We do not want the men in the Territorial Army exclusively for the purpose of training the National Service men. Much of the training of the National Service men will be undertaken by men in the Regular Services; we want the men in the Territorial Army not only to assist in the training of National Service men, but also for the purpose of being the leaders in the Territorial Army when the National Service men have to undertake their Territorial Reserve liability at the end of 1949. That is the position, and on the whole, we are not dissatisfied with the rate of progress that has already been made. I can add that only in the last few weeks we have made further progress in particular areas in connection with the Territorial campaign—that is to say, the local campaign, not the national campaign, because the local campaign has been proceeding all along.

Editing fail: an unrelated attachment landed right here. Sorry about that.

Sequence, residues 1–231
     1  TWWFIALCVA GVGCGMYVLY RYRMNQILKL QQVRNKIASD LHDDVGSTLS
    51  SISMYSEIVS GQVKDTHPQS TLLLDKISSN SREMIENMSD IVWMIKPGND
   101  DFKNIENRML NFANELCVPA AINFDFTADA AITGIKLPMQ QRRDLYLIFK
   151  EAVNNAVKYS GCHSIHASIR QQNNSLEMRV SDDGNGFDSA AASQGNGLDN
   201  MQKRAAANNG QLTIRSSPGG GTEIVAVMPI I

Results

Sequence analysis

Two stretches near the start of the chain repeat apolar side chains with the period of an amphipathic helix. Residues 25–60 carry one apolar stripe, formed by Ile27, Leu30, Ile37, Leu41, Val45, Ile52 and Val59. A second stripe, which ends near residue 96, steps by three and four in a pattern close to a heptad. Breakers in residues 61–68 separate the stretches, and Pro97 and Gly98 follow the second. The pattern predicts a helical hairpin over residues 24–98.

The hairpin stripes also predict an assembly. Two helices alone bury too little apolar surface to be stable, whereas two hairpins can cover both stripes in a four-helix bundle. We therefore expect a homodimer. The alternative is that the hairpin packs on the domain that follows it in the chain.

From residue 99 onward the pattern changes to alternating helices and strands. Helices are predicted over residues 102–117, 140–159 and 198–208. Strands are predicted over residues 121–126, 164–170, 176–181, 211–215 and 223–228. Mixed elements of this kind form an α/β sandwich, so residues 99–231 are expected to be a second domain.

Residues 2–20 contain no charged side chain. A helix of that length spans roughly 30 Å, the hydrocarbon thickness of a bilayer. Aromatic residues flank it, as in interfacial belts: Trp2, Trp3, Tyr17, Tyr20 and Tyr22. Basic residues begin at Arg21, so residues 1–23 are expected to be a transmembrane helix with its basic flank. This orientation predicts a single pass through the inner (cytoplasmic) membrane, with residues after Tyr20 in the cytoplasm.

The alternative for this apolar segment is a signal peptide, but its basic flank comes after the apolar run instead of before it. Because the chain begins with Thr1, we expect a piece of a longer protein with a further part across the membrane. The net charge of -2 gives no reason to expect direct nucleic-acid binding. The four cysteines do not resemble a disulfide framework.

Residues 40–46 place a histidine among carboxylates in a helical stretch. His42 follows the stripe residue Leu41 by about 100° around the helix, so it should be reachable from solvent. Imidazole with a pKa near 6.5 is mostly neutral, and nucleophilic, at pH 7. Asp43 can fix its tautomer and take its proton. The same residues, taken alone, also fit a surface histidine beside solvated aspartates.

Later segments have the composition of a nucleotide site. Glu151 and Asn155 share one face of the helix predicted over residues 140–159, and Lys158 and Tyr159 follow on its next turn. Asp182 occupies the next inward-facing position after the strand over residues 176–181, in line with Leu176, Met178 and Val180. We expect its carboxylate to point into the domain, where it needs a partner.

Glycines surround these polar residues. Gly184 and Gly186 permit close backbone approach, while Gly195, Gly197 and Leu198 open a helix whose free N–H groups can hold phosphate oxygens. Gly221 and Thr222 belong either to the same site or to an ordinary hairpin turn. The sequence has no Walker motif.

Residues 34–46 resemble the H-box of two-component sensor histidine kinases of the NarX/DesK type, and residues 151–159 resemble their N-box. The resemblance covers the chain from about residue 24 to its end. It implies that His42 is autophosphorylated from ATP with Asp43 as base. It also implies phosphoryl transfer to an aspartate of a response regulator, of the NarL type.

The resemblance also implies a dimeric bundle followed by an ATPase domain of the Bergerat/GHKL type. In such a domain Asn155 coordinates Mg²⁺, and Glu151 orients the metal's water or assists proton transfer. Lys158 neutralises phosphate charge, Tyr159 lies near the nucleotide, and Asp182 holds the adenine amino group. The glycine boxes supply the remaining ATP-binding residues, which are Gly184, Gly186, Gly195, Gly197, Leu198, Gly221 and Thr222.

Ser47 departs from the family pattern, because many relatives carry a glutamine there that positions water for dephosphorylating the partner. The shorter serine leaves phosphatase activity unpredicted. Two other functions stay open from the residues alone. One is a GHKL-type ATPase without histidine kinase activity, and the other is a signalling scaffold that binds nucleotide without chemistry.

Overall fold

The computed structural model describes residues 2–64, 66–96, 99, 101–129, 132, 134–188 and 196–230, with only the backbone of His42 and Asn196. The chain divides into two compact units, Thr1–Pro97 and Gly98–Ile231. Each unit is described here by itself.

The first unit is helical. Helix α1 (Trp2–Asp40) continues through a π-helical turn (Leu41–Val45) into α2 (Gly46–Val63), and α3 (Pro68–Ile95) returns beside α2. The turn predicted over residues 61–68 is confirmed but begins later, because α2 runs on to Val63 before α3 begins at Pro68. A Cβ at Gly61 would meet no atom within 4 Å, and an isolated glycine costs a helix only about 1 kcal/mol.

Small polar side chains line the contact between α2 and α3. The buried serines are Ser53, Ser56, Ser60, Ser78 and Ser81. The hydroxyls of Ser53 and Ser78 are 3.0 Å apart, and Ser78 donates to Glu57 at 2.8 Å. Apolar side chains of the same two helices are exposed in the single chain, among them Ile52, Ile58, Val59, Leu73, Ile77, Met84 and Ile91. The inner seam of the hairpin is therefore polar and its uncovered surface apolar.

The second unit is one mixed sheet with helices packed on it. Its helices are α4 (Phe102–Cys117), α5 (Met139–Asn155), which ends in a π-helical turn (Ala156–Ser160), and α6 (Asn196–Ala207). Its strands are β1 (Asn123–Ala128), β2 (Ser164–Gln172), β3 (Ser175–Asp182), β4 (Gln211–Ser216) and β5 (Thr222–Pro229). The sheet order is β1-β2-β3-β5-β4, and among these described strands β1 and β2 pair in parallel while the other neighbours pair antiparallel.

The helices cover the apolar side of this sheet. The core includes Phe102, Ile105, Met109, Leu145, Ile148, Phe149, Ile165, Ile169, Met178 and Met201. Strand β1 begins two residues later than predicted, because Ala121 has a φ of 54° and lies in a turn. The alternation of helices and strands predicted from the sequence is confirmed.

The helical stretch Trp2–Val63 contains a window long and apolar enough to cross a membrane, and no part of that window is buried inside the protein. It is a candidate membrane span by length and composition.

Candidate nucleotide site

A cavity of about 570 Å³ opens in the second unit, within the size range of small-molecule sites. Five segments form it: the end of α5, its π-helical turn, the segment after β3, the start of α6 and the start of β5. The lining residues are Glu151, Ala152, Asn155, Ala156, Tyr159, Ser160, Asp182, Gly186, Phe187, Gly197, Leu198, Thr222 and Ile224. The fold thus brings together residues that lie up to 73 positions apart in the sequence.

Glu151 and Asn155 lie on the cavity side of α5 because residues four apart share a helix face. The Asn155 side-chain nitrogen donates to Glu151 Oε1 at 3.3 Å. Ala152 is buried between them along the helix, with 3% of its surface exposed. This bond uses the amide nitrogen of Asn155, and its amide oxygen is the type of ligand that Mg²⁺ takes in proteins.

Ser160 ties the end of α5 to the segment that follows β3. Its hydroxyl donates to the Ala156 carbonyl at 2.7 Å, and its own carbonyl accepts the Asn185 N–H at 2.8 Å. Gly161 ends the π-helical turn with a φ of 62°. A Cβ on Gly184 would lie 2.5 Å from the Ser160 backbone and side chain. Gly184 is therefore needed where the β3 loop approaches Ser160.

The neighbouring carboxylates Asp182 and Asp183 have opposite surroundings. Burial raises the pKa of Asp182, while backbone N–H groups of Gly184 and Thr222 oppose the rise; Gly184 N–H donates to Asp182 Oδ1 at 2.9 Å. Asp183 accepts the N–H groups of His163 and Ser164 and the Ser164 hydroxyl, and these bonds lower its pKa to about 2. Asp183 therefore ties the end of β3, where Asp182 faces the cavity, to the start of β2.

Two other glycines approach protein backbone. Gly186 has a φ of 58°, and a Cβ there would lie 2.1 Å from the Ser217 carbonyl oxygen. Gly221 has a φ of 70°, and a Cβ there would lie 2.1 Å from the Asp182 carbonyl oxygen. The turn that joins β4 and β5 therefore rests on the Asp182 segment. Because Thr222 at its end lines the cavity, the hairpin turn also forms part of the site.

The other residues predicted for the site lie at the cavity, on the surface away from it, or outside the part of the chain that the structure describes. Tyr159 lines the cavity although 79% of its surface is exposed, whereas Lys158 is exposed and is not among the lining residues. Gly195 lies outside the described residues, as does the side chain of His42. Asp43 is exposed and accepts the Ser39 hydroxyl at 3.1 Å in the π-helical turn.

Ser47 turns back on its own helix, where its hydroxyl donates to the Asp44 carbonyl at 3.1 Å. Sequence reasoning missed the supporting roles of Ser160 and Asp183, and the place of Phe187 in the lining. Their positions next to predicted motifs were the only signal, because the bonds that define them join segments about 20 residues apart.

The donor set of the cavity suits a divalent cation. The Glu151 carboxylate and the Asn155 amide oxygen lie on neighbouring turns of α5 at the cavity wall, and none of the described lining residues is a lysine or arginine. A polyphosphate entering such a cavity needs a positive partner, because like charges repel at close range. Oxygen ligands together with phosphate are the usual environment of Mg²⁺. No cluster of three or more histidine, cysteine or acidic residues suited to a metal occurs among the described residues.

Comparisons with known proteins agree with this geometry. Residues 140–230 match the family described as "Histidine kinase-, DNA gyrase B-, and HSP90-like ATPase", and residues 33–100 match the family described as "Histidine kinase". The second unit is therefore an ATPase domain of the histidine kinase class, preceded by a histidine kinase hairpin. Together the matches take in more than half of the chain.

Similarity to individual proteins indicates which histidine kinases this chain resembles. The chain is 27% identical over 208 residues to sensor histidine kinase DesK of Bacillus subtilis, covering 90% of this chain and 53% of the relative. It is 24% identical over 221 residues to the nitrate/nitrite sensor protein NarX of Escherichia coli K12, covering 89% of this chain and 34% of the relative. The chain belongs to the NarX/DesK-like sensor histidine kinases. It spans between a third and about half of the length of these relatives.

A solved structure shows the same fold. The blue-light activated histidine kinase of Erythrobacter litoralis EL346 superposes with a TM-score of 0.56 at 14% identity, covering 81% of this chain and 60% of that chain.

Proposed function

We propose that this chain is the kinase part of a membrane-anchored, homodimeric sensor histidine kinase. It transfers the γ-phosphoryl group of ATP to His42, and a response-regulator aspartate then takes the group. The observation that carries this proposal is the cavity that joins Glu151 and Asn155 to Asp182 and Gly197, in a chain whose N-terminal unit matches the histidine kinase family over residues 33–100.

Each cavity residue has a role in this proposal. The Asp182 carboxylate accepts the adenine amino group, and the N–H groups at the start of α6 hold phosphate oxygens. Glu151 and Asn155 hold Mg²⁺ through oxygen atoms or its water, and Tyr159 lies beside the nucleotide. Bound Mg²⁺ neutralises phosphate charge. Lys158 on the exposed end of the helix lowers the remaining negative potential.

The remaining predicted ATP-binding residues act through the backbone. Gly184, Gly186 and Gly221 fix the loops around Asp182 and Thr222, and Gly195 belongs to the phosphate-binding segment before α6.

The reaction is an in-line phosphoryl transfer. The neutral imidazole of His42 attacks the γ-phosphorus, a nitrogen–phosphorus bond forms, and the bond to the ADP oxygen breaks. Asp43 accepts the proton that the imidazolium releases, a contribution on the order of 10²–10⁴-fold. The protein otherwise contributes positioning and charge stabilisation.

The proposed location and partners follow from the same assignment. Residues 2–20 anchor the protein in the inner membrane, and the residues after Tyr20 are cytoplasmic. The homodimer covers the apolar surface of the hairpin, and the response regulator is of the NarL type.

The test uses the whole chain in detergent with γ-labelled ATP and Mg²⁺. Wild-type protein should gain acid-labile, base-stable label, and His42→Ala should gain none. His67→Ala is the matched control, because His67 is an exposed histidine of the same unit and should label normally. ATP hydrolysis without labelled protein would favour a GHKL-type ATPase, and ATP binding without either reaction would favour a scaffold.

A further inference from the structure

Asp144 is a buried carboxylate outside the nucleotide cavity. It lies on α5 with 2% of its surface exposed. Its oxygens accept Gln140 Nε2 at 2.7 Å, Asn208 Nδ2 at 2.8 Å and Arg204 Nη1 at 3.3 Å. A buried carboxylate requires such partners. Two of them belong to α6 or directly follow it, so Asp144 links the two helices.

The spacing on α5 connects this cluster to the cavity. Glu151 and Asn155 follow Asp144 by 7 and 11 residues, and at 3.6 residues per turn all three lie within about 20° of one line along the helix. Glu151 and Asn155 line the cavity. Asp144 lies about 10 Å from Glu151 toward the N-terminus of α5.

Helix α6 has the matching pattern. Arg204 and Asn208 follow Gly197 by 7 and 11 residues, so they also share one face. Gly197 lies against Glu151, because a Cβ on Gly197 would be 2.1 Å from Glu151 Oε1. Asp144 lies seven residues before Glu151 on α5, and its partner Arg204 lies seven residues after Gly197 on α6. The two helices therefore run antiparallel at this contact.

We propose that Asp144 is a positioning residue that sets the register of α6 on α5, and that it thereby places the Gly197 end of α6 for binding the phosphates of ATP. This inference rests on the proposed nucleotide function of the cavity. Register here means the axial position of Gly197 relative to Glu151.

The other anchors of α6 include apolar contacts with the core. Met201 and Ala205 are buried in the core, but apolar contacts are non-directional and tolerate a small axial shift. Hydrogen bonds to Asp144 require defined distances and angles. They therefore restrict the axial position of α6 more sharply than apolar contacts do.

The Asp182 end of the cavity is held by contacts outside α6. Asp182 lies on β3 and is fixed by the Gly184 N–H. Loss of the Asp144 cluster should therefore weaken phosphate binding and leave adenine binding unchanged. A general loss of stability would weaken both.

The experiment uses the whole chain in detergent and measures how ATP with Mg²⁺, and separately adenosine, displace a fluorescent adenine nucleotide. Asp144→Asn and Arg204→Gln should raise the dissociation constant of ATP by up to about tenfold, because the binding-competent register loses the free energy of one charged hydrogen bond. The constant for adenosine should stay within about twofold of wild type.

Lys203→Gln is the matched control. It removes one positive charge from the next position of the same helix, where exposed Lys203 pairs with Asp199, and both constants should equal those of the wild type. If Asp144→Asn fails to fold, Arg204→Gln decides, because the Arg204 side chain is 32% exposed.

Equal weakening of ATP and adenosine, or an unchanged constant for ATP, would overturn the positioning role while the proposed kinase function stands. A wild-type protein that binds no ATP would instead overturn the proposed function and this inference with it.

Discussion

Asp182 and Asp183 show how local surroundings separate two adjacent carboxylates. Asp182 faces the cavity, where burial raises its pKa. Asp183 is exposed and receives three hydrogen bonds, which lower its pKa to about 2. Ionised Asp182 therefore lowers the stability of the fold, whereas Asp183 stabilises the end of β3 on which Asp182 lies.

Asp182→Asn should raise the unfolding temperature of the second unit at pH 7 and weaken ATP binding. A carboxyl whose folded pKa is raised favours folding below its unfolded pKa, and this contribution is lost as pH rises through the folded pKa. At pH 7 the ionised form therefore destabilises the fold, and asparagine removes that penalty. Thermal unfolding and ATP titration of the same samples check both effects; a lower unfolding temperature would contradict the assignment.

As regards an additional Reserve, as my right hon. Friend the Minister of Defence indicated, we have promoted a scheme which is called the Registered Reservist Scheme and the intention is to invite men to register in particular areas where they are known to local commanders, and when they have done so to call them up if and when difficulties arise, particularly in relation to the Anti-Aircraft Command. We require that this scheme should be effective because, if we have the power to call up such men—these men being willing; the fact that they have volunteered to join this Registered Reserve indicating their willingness—we save a great deal of time in the call-up. Otherwise, if we rely upon ordinary reservists, even the Class Z Reserve, we shall occupy a great deal of time in making the necessary arrangements, and that will lead to considerable delay. These steps have already been taken.